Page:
That sounds sort of in the same spirit of research that has been done on analytic and holistic thought and perception. A linear, process-oriented style would be more analytic and a contextual, comparative style would be more holistic. There has been some work showing that cultural influences can affect the degree to which one thinks and perceives analytically or holistically. Some links here.
     
  14. Jun 2, 2007 #13

    Evo

    User Avatar

    Staff: Mentor

    Well, I'm not going to go blind squinting at the screen. What the hell were they thinking?
     
  15. Jun 2, 2007 #14
    E=42, S=44 Not really a big surprise.
     
  16. Jun 2, 2007 #15

    honestrosewater

    User Avatar
    Gold Member

    Hm, I'm pretty sure that I have something definite in mind. I mean, I think I know quite well at least how I think, and I often notice when it differs from how others seem to think. But the key differences are rather hard to pin down.

    I was going to say that the next-step thinking is more concerned with processes, but that doesn't actually fit with what I have in mind. I think it's that the next-step thinker uses itself as a constant reference, i.e., the second object in the contextual thinker's comparison. So the two types are really concerned with the same thing: a relation (haha, of course, I suspect that all "thoughts" can be reduced to relations, so maybe that's why I want to see it that way). The comparative, contextual thinker doesn't include itself in the relation; it looks for relations among other objects. The next-step thinker relates everything to itself, so it only needs one other object at a time. Do you know what I mean? Does that make any sense?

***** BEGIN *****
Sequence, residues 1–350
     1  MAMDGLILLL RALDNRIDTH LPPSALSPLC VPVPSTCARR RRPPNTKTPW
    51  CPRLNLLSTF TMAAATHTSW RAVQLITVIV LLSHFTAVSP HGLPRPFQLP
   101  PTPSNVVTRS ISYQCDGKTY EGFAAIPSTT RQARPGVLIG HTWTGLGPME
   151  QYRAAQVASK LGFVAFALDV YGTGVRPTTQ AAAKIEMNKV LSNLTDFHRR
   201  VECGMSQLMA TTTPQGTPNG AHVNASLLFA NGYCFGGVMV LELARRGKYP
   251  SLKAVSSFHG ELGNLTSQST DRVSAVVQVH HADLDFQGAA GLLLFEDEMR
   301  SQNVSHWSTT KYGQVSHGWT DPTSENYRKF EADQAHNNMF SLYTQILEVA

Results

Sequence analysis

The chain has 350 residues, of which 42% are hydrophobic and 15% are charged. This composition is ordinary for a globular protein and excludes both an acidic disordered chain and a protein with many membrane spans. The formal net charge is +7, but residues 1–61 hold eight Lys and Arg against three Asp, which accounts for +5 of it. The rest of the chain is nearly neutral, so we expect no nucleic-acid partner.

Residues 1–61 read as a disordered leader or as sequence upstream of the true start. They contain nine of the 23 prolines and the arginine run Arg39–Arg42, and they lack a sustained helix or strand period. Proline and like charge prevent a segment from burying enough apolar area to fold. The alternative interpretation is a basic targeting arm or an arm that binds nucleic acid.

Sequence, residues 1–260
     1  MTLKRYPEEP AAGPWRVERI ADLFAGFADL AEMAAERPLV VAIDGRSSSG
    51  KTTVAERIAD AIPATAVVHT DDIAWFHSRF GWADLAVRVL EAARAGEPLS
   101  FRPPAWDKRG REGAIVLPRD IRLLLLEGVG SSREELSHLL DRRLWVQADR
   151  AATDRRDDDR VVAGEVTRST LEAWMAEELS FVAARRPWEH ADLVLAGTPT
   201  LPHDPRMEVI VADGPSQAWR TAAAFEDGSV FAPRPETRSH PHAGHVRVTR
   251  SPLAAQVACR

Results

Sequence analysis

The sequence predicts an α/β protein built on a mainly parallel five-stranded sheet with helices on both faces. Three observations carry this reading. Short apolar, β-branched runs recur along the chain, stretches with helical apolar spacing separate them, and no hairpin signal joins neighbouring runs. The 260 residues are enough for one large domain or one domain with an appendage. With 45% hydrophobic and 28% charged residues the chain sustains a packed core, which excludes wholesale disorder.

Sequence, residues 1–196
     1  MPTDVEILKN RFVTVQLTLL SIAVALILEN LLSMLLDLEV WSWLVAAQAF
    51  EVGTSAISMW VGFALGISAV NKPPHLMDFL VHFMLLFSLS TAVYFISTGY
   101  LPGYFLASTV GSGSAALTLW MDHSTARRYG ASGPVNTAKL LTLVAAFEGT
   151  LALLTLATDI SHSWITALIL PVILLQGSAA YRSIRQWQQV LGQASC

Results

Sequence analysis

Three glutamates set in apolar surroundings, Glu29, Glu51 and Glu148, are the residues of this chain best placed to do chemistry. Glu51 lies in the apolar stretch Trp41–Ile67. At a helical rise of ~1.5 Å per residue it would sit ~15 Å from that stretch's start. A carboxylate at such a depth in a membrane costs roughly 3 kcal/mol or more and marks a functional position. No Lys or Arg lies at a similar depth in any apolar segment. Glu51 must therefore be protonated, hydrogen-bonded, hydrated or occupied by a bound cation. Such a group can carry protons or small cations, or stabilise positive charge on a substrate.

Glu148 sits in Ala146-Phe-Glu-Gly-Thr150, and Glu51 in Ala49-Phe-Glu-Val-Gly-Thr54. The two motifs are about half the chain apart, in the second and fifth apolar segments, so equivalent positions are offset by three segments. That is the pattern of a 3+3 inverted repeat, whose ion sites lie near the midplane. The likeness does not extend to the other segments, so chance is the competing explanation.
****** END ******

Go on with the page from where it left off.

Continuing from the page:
That seems to perhaps fit with the different cultures' focus on the importance of the individual vs. the society, no? Hm, anyway. In my experience (which is mostly with Western, English speakers), the step-thinkers are usually male and the contextual thinkers female.

    Thanks for the links.

    Oh, and while I'm sort of on the subject, does anyone know if they ever include a reference point on those spatial rotation tasks? I've seen one once, and it was just one object at a time, all by itself. Immediately, when I attempt to rotate them, my first thought is "relative to what?", and I start mentally grasping for something to act as a reference for the rotation. I wonder if this might be why males do better on those things. Does anyone do the same thing? Do you guys use yourselves as a reference or imagine axes through the objects or what? I've always been curious about that.
     
    Last edited: Jun 2, 2007
  17. Jun 2, 2007 #16

    Astronuc

    User Avatar

    Staff: Mentor

    E=41, S=45

    I find that some of the questions are two part conditional, such that I might agree with one part, but not the other.

    With questions beginning with "People often tell me . . .", the use of often would negate the statement. Same with a statement beginning with "I often . . . ".

    I answered most questions with a slightly agree or disagree. I suppose higher scores come with the more stronly agree or disagree responses.